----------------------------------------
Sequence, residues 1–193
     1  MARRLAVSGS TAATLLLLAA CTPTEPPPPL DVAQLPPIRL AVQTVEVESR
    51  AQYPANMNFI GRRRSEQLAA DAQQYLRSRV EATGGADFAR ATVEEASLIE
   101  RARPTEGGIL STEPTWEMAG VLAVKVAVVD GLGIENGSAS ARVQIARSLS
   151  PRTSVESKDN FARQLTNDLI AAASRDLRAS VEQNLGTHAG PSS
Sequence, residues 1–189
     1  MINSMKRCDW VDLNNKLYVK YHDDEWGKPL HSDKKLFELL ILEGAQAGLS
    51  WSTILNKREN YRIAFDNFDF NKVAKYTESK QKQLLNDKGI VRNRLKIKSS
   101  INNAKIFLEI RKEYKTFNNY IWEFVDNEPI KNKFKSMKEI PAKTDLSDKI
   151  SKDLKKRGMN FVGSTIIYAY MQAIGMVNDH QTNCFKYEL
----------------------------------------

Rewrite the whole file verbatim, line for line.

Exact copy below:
Sequence, residues 1–193
     1  MARRLAVSGS TAATLLLLAA CTPTEPPPPL DVAQLPPIRL AVQTVEVESR
    51  AQYPANMNFI GRRRSEQLAA DAQQYLRSRV EATGGADFAR ATVEEASLIE
   101  RARPTEGGIL STEPTWEMAG VLAVKVAVVD GLGIENGSAS ARVQIARSLS
   151  PRTSVESKDN FARQLTNDLI AAASRDLRAS VEQNLGTHAG PSS
Sequence, residues 1–189
     1  MINSMKRCDW VDLNNKLYVK YHDDEWGKPL HSDKKLFELL ILEGAQAGLS
    51  WSTILNKREN YRIAFDNFDF NKVAKYTESK QKQLLNDKGI VRNRLKIKSS
   101  INNAKIFLEI RKEYKTFNNY IWEFVDNEPI KNKFKSMKEI PAKTDLSDKI
   151  SKDLKKRGMN FVGSTIIYAY MQAIGMVNDH QTNCFKYEL